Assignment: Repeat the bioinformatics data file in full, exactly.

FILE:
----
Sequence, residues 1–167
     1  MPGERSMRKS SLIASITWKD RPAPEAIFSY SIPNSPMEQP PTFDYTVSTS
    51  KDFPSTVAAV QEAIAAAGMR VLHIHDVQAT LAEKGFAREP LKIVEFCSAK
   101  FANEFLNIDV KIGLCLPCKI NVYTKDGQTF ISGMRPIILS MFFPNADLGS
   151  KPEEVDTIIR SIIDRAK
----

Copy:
Sequence, residues 1–167
     1  MPGERSMRKS SLIASITWKD RPAPEAIFSY SIPNSPMEQP PTFDYTVSTS
    51  KDFPSTVAAV QEAIAAAGMR VLHIHDVQAT LAEKGFAREP LKIVEFCSAK
   101  FANEFLNIDV KIGLCLPCKI NVYTKDGQTF ISGMRPIILS MFFPNADLGS
   151  KPEEVDTIIR SIIDRAK